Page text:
Underhill, William, Newsweek International
Times are hard for aviation-industry bosses. Passenger levels and profits are in free fall; jobs and routes are vanishing fast. But try telling Michael O'Leary. Next year the Ryanair CEO will take delivery of eight new aircraft and open 10 more routes from a new European base in Frankfurt. He's promised there'll be no job losses or pay cuts and he has few worries about what lies over the horizon. Within the next seven years O'Leary reckons he can triple passenger numbers, making his budget carrier Europe's busiest airline.
He might just be right. A glance at the corporate record since O'Leary took charge in 1991 suggests his optimism is well founded. Appointed CEO at 29, he's turned a failing family company, inconveniently based in Ireland, into Europe's most profitable airline. More than 50 Ryanair routes now crisscross the continent, mostly from Britain. Profits for the six months to September topped a record $88 million. His own stake is now worth a reported $322 million.
Not that O'Leary, a champion of inexpensive travel, makes a big deal of his success: "Trying to do better than BA or Lufthansa really isn't that hard. The simple fact of life is that if they weren't so high- priced I wouldn't be so successful."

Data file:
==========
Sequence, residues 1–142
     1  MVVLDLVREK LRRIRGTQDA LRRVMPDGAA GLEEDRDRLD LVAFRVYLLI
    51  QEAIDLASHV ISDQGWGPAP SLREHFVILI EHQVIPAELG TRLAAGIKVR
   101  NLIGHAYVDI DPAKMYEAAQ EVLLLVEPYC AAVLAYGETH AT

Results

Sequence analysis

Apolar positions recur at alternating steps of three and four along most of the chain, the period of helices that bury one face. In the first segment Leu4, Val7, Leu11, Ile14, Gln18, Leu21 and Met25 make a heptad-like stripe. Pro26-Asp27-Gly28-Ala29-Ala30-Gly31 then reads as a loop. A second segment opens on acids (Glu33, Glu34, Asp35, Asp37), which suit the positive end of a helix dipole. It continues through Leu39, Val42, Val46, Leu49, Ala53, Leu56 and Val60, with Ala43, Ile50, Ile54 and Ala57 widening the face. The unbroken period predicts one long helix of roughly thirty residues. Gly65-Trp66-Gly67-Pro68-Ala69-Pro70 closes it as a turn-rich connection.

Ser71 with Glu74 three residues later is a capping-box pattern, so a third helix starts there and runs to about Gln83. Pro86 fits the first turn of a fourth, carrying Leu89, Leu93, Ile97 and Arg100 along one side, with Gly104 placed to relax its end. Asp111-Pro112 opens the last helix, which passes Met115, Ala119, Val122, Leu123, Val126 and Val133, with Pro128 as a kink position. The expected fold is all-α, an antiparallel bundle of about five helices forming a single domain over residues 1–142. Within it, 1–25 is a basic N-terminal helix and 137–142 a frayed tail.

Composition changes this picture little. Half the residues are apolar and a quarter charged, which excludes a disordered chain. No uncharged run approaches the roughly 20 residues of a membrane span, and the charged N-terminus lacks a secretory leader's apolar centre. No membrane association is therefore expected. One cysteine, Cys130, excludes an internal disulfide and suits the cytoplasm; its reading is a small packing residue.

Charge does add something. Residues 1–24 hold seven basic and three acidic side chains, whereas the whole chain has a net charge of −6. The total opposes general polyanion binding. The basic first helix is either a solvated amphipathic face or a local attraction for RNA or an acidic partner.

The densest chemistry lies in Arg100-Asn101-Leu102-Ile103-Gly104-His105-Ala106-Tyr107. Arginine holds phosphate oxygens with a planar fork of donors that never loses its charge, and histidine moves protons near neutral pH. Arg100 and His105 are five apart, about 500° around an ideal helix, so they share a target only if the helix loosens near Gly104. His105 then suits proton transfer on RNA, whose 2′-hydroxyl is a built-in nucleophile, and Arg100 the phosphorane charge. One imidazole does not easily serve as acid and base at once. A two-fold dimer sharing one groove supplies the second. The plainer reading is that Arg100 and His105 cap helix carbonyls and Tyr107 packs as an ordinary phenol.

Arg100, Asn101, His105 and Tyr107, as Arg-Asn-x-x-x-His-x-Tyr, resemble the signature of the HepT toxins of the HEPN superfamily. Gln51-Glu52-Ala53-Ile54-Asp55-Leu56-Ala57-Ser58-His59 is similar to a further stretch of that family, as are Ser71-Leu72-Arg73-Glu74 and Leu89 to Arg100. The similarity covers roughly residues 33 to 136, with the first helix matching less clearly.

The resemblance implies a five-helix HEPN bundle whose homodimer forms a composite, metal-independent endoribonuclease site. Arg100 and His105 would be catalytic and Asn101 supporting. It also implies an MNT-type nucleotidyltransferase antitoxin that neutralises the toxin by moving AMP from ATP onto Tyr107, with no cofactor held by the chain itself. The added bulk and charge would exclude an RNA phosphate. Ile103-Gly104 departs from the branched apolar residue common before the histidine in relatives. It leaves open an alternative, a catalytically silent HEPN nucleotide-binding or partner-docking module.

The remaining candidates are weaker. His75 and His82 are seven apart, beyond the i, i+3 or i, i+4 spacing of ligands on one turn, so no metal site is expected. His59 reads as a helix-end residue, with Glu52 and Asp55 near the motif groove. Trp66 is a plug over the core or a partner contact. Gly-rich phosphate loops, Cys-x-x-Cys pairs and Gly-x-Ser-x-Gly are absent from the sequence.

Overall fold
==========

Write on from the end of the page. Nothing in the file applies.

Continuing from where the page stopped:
The bloated fares charged by the national flag carriers certainly provide a partial explanation for his triumph. Ryanair grew big by keeping prices much closer to ground level. A trip to the United States 10 years ago convinced O'Leary that the company's best hope lay with the "no frills" model pioneered by Southwest Airlines in the United States. There are no free meals on a Ryanair flight--but a round-trip ticket from London to Brussels can cost as little as 90 euro, less than one third of the BA fare.
But high-flying O'Leary has to do much more than undercut the flag carriers. Europe's cheapskate market is growing more tight as rivals move in. Other budget carriers with catchy brand names--Go, Buzz and easyJet--have been crowding the terminals since the EU's deregulation splurge opened up the airways in the late 1990s. …